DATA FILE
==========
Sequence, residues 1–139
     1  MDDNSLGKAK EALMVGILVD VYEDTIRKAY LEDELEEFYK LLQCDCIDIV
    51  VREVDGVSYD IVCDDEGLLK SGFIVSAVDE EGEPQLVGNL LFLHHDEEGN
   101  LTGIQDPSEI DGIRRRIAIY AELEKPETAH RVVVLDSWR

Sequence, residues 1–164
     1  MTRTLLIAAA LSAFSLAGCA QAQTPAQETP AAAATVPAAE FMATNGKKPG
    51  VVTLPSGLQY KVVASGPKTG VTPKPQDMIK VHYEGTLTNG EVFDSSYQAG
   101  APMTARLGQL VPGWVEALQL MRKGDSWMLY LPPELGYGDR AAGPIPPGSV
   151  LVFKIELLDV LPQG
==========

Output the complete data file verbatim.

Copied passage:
Sequence, residues 1–139
     1  MDDNSLGKAK EALMVGILVD VYEDTIRKAY LEDELEEFYK LLQCDCIDIV
    51  VREVDGVSYD IVCDDEGLLK SGFIVSAVDE EGEPQLVGNL LFLHHDEEGN
   101  LTGIQDPSEI DGIRRRIAIY AELEKPETAH RVVVLDSWR

Sequence, residues 1–164
     1  MTRTLLIAAA LSAFSLAGCA QAQTPAQETP AAAATVPAAE FMATNGKKPG
    51  VVTLPSGLQY KVVASGPKTG VTPKPQDMIK VHYEGTLTNG EVFDSSYQAG
   101  APMTARLGQL VPGWVEALQL MRKGDSWMLY LPPELGYGDR AAGPIPPGSV
   151  LVFKIELLDV LPQG